Figure 5: Comparison of three schemes over space variable using a=0.1,b=0.01,f=0.2,α1=0.1,β=0.2,m1=0.3,α2=0.5,m2=0.3,c=0.3,g=0.1,n1=0.3,Nx=50,Nt=500,tf=15,L=7,d1=d2=d3=d4=0.4

images

Figure 6: Comparison of three schemes over space variable using a=0.1,b=0.2,f=0.1,α1=0.3,β=0.2,m1=0.1,α2=0.2,m2=0.1,c=0.1,g=0.1,n1=0.1,Nx=50,Nt=500,tf=15,L=7,d1=d2=d3=d4=0.4

images

Figure 7: Phase portrait of susceptible and infected predators US & UI using a=0.1,b=0.01,f=0.2,α1=0.1,β=0.2,m1=0.3,α2=0.5,m2=0.3,c=0.3,g=0.1,n1=0.3,Nt=500,tf=15

images

Figure 8: Phase portrait of infected predators and prey population density UI & V using a=0.1,b=0.01,f=0.2,α1=0.1,β=0.2,m1=0.3,α2=0.5,m2=0.3,c=0.3,g=0.1,n1=0.3,Nt=500,tf=15

images

Figure 9: Phase portrait of susceptible predators and prey population density US & V using a=0.1,b=0.01,f=0.2,α1=0.1,β=0.2,m1=0.3,α2=0.5,m2=0.3,c=0.3,g=0.1,n1=0.3,Nt=500,tf=15

First six Figs. 16 compare the presented numerical scheme with existing first and second-order schemes. The comparison is made in faster convergence to get the converged solution. If the scheme stops earlier than other schemes, it consumes fewer iterations than the other schemes. The faster convergence is obtained due to the higher order of accuracy of the proposed scheme than existing schemes. Therefore, the targeted solution is obtained by consuming fewer numbers of iterations. Also, the comparison is made by finding solutions of the considered model with diffusion effects over time and space coordinates. Solutions to the presented model are obtained by applying three different schemes. The change in the three solutions can be seen in Figs. 36. Again, the effect of using a higher order scheme can be observed in these figures. Since only straight lines can be seen for the solutions of the considered model over space coordinate x, this does not mean that solution is always just a straight line. The more detailed behavior of the solution over space coordinate x can be seen when it is formed only for a single scheme in one plot. So, in this manner, the solution in the form of some curves can be seen.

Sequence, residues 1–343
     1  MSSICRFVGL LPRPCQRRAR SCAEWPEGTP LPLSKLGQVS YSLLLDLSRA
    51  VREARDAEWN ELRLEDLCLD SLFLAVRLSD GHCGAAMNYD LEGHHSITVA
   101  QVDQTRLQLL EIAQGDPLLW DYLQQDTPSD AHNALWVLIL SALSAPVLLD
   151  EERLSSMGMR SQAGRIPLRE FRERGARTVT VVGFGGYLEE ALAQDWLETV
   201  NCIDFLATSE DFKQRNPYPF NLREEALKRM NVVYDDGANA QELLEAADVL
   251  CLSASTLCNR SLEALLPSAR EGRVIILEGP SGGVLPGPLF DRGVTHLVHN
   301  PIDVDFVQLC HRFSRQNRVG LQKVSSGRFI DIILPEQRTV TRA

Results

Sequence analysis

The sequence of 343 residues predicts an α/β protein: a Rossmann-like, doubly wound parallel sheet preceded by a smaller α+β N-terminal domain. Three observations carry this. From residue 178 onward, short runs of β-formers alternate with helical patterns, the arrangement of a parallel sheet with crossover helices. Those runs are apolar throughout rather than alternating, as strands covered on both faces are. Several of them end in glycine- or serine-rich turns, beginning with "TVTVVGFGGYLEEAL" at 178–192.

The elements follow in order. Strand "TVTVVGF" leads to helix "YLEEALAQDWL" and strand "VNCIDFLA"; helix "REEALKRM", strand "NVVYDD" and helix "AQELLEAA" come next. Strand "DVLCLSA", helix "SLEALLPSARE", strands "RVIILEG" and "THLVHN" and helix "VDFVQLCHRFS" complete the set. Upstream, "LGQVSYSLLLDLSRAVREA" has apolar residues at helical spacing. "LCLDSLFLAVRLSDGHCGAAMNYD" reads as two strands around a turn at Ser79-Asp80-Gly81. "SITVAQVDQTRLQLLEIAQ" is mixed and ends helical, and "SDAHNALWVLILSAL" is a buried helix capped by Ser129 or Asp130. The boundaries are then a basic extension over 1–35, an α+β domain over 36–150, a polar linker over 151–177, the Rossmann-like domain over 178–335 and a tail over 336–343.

The solution curves are straight, showing that a very small change in the solution is found when it is drawn on the space coordinate x. So, the effect of adding diffusion term in the ODEs model produces a small change in the solution over spatial variable x. The rest of Figs. 79 shows the phase portrait that shows relationships between the predator and prey. Every curve in these Figs. 79 shows the relationship between a mentioned category of predator and prey corresponding to chosen initial conditions. An increase or decrease in any predator or prey categories can be seen over the increase in the corresponding drawn categories.